Will I complete the mystery of my flesh? 
There seems to be an agreement that we share on how we accept the hallucination of the real world. The given comfort behind the adaptation into already-existing certainties, and the acceptance of reality’s boundaries whatsoever comes similar to the approval of cis-gendered bodies. The division between the physical world and the virtual space goes hand in hand with the gender binary system [spectrum over binary systems]. We might not need a body to exist as Lain  said once. The desire of disembodiment has a gnostic history, the attempt to escape the body, finding immortality through an afterlife, transcending the body: escaping from the corpse, finding the heaven. Some might say the internet becomes the new religion, and the cyberspace is the new heaven.  Reclaiming the practices that have been historically excluded queers is a form of resistance and allows us to enact as Muñoz proffers to find a possibility of new and better pleasures, other ways of being in the world, and ultimately new worlds.  Peschek’s long-term practice of combining ethereal and post-internet imagery (also explored in her multi-media project EDEN, 2020) expands in OASIS as it turns into a healing space for non-binary beings of cyber. Beyond the hardened physicality, blood and flesh, we find ourselves a spa for all, an intimate embrace invites us to the ecstasy of a whole new world .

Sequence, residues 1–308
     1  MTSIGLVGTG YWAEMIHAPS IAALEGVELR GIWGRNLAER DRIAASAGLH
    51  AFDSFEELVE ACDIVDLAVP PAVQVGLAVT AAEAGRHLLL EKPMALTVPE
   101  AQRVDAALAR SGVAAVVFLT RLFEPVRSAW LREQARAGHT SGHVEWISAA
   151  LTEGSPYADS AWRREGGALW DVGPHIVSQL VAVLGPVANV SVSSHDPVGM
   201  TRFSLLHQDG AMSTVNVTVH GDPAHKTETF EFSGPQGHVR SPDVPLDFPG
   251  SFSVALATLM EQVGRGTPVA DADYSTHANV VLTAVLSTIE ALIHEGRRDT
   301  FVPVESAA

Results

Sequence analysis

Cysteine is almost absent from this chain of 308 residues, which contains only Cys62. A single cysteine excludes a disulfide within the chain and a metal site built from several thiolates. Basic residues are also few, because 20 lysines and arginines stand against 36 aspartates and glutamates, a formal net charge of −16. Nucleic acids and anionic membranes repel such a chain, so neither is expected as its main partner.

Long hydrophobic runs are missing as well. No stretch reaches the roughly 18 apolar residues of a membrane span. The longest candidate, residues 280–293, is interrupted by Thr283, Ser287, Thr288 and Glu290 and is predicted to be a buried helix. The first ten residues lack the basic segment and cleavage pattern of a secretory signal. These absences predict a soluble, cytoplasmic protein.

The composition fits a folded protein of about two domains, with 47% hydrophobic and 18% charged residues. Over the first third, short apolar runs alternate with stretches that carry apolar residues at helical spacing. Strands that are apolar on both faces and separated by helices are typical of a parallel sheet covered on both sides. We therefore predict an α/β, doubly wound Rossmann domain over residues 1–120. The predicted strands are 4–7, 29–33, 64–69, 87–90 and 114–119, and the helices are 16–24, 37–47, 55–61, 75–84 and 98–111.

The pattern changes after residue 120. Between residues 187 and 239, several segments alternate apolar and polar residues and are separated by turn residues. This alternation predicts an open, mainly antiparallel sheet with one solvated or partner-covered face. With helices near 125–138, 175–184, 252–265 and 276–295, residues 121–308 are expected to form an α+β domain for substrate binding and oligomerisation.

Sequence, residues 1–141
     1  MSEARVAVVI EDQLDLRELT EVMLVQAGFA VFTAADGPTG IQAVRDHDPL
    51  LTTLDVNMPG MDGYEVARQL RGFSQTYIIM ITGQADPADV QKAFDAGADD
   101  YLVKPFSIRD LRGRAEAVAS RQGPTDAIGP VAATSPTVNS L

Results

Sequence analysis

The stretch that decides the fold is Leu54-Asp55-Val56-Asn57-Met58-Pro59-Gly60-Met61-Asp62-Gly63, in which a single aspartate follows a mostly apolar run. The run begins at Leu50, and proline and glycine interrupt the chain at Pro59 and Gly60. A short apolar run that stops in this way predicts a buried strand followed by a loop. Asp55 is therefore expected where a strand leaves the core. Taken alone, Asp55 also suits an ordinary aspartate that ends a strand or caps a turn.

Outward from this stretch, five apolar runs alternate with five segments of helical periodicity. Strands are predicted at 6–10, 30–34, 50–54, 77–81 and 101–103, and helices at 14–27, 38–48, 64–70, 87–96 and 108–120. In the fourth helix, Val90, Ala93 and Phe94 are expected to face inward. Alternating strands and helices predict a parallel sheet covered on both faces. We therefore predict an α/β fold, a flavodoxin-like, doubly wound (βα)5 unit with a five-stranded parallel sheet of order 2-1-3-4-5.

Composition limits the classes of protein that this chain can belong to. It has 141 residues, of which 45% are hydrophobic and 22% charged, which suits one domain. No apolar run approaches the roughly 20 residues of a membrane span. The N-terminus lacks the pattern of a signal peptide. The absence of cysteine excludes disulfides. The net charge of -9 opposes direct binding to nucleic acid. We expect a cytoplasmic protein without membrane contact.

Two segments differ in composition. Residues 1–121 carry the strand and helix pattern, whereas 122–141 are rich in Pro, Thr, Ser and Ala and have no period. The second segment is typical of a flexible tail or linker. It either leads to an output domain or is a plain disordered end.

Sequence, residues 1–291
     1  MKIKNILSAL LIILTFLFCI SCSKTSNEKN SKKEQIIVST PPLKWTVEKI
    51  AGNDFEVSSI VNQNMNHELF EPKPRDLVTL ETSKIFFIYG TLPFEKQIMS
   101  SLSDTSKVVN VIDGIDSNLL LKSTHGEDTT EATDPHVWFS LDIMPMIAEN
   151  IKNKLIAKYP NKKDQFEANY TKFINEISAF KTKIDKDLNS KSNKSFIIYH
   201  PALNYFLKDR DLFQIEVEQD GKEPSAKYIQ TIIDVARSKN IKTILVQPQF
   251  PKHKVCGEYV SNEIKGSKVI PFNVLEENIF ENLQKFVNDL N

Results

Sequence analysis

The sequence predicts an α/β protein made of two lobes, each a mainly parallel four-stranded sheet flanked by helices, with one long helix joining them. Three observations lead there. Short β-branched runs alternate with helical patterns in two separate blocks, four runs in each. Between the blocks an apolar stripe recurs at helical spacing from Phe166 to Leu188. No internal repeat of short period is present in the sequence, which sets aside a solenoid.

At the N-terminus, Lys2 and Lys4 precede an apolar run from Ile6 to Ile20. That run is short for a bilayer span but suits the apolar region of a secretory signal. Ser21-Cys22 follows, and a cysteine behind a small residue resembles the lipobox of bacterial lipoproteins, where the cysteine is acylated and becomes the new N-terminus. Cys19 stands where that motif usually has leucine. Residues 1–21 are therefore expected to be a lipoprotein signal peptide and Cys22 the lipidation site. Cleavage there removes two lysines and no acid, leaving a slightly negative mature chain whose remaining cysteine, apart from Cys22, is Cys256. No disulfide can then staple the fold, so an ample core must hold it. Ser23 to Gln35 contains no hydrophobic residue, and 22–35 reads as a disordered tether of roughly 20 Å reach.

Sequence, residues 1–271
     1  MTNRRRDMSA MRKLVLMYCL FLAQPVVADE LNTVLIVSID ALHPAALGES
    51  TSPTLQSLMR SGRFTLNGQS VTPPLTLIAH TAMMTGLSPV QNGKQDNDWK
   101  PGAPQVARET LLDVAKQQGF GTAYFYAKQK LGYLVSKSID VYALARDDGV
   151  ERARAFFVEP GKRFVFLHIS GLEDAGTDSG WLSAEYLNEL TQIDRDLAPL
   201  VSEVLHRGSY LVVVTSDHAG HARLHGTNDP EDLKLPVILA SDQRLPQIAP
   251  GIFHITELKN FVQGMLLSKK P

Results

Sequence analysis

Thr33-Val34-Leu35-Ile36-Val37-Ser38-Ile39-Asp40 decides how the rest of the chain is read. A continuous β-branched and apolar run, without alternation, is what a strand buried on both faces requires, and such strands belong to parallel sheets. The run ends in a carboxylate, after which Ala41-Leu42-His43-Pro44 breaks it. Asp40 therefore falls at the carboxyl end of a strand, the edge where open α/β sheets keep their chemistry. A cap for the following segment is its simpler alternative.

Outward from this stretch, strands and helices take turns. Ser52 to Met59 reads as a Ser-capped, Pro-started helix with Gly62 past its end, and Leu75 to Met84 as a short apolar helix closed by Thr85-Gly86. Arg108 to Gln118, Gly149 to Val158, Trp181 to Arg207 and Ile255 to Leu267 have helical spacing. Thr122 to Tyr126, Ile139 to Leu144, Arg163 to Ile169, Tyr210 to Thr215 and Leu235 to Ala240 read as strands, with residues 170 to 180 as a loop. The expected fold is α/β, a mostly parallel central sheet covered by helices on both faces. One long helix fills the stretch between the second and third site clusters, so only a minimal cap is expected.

1 – Björk, “Desired Constellation”, from the album Medúlla, One Little Indian; Elektra, 2004.
2 – Burkay Pasin, A Critical Reading of the Ottoman-Turkish Hamam As a Queered Space, PhD Thesis, Middle East Technical University, 2014, p. 206.
3 – Björk, “Black Lake”, from the album Vulnicura, One Little Indian, 2015.
4 – Holly Lewis, The Politics of Everybody: Feminism, Queer Theory and Marxism at the Intersection, London: ZED Books, 2016, p. 96.
5 – (un)body is a term I coined to describe fluid bodies of the cyberspace.
6 – Michel Foucault, “Of Other Spaces: Utopias and Heterotopias” (trans. Jay Miskowiec), Diacritics, 16(1), 1986, 22-27 (This text, entitled “Des Espaces Autres” and published by Architecture Mouvement Continuité in October 1984, was the basis of a lecture given by Michel Foucault in March 1967).
7 – Legacy Russell, Glitch Feminism: A Manifesto, London: Verso, 2020, p. 5.
8 – https://en.wikiversity.org/wiki/Adobe_Photoshop/Healing_Brush_Tools (Last checked on January 2, 2022).
9 – E. E. Cummings, “I Will Wade Out” (originally published under the title “Crepuscule” in Eight Harvard Poets), 1917.
10 – serial experiments lain (1998) is a Japanese anime television series directed by Ryūtarō Nakamura, written by Chiaki J. Konaka, and produced by Yasuyuki Ueda.
11 – This part of the text builds on the ideas introduced in Be Magazine’s 4th edition Holodecks, published by Künstlerhaus Bethanien Berlin in October 1996.
12 – José Esteban Muñoz, Cruising Utopia: The Then and There of Queer Futurity, New York University Press, 2009.
13- SOPHIE, “Whole New World/Pretend World”, from the album OIL OF EVERY PEARL’S UN-INSIDES, MSMSMSM; Future Classic; Transgressive, 2018 (I wanted to conclude the text with a reference to late musician SOPHIE, as my first collaborative effort with Christiane Peschek in Artificial Bloom; Fluid Archives that I have curated in 2019 at SANATORIUM, which was titled after the lyrics of SOPHIE’s Faceshopping).